EATON — When Debbie Reynolds lost her son to a heroin overdose last summer, her family sat around a campfire trying to find a way to remember the 24-year-old Logan Apking.
That was when the family came up with the idea of Logan’s Run, a 5K held in Eaton where all proceeds to go to STOMP Addiction’s efforts for drug education and treatment.
STOMP Addiction, an organization of which Reynolds is the founder, has spent the last year educating Preble County youth and helping individuals seek treatment and find treatment facilities.
The idea for STOMP Addiction came to Reynolds while participating in another 5K shortly after the death of her son, only to find herself “stomping” through the race as if each step let out more grief.
Reynolds said that is when the idea of stomping out addiction came to her.
Saturday, Oct. 24 will mark the second annual Logan’s Run. The race kicks off at 9:30 a.m. at the Preble County Courthouse.
Last year STOMP Addiction had only existed a few months before the race took place, but the race still saw some 350 runners participate.
Reynolds has been putting the support to good use.
This year STOMP Addiction has sent four people from Preble County to treatment, including one who has recently left a six month stay at a residential treatment center and has since found a sober living situation in which they have maintained sobriety.
The other three remain in treatment and according to Reynolds, a fifth might soon be on the way.
Sending those already dealing with addiction to treatment facility is far from the only thing the group is doing. Reynolds has also traveled to the National Trail, Eaton, and Preble Shawnee school districts and local churches to share her family’s story with local youth.
One of her main messages to students is how heroin addictions often start. According to Reynolds, 80 percent of heroin addictions start with the misuse of prescription pills like Vicodin and OxyContin.
“No one starts off by shooting heroin into their arms,” Reynolds said, noting her own son’s addiction started when he took a pill for recreational use at a party.
According to drugfreeworld.org, a statewide program STOMP Addiction often uses for informative packets and information, “The most powerful prescription painkillers are called opioids, which are opium-like compounds. They are manufactured to react on the nervous system in the same way as drugs derived from the opium poppy, like heroin.”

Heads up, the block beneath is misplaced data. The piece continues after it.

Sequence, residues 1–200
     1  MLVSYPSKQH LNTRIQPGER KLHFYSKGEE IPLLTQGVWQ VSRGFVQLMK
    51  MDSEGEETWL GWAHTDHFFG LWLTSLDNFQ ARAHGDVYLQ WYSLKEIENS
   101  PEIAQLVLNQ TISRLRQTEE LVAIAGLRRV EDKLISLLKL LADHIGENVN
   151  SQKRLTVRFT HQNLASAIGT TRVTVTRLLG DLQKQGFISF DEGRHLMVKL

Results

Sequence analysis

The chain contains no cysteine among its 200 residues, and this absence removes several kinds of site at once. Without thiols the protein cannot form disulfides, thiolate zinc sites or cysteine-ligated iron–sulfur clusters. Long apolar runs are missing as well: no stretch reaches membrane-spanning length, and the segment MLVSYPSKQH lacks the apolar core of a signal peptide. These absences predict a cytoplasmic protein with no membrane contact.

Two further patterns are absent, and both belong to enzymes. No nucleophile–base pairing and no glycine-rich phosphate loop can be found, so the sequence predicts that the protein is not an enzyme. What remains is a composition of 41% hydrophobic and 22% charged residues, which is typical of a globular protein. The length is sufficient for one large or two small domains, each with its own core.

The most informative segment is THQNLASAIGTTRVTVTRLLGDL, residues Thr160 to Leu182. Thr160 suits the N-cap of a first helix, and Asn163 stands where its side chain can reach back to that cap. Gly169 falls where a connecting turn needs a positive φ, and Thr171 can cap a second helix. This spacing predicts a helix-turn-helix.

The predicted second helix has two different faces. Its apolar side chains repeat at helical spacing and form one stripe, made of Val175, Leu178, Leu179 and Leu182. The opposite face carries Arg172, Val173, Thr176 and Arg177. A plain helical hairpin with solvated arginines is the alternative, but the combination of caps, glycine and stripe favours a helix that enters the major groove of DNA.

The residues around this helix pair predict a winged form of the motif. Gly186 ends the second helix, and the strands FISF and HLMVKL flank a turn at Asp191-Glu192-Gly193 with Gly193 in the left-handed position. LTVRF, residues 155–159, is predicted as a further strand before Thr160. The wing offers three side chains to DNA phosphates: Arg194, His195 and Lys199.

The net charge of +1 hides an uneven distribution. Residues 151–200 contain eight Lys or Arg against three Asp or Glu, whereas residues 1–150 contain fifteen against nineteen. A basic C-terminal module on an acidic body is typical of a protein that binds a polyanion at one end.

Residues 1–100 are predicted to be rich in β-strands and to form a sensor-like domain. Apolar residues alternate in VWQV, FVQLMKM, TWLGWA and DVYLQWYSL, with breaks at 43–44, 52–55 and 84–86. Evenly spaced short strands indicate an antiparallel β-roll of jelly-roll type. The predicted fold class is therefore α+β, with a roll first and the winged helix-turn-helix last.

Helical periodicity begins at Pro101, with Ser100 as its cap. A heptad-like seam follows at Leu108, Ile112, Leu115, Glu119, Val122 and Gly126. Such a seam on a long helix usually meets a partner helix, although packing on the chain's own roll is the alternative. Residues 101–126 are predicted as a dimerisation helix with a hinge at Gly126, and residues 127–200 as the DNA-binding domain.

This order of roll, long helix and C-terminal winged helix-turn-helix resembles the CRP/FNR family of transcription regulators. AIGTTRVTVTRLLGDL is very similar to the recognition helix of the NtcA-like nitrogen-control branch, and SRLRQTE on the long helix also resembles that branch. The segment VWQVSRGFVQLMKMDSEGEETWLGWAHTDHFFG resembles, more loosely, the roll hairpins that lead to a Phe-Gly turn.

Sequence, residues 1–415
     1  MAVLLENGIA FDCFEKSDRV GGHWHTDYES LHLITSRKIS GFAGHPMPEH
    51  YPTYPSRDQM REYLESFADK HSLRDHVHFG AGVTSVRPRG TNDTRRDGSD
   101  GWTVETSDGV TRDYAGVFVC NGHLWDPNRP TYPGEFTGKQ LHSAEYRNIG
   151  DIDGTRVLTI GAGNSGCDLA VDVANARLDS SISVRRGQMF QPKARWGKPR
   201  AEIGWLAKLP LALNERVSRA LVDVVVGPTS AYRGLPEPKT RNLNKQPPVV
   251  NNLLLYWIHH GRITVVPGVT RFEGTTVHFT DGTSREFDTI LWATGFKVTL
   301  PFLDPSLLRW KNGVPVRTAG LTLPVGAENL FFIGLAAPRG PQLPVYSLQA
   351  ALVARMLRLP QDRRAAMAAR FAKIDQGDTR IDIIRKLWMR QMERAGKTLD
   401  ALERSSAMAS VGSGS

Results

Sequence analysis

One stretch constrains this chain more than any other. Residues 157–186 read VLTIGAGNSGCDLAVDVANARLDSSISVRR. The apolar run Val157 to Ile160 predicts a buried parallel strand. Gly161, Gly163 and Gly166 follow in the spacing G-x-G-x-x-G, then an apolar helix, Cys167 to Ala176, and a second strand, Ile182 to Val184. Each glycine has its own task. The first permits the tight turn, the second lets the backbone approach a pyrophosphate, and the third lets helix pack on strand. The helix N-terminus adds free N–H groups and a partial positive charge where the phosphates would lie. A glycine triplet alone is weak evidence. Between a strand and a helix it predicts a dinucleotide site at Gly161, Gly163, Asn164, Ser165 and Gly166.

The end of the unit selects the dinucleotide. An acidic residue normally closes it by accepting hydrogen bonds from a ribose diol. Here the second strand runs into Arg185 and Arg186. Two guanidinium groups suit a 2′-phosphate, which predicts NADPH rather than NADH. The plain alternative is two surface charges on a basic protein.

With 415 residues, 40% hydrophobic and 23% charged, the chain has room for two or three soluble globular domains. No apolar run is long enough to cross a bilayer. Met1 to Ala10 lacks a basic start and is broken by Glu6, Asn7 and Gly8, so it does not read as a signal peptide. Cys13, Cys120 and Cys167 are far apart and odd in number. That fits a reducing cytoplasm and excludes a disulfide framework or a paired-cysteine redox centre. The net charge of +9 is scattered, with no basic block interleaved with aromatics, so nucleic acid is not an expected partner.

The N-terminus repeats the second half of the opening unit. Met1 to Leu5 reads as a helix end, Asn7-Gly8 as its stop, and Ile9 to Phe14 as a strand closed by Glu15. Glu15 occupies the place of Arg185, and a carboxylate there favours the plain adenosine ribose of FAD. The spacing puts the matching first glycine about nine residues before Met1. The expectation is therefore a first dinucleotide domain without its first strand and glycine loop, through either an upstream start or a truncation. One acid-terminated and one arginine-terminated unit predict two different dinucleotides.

Reynolds also acts as an advisor for families currently dealing with an addiction, and said she reminds families of addicts sometimes jail is the best option.
“There is a place and time for tough love,” she said, encouraging parents to become street smart. “Sometimes jail is a choice you have to make. I’d rather go see my son in prison than to see my son in a graveyard.”
According to Reynolds, the future for the organization is to continue to educate locals on addiction and those dealing with addiction.
“They are not worthless people, they’re trapped, they’ve made a bad choice,” she said. “We’ve got to get them (addicts) help and treatment and lose the stigma. If there are legal consequences, give it to them, but let’s call it what it is — it’s a disease and deserves to treated that way. They deserve to be treated with integrity and respect and maybe more people will be willing to come forward and not be ashamed of their addiction.”
Logan’s Run is $20 per person to participate if preregistered and $25 for registration the day of the race. You can register at www.keysports.com.
More information about Stomp Addiction and how you can help can be found at stompaddiction.com, where a treatment facility locator can also be found.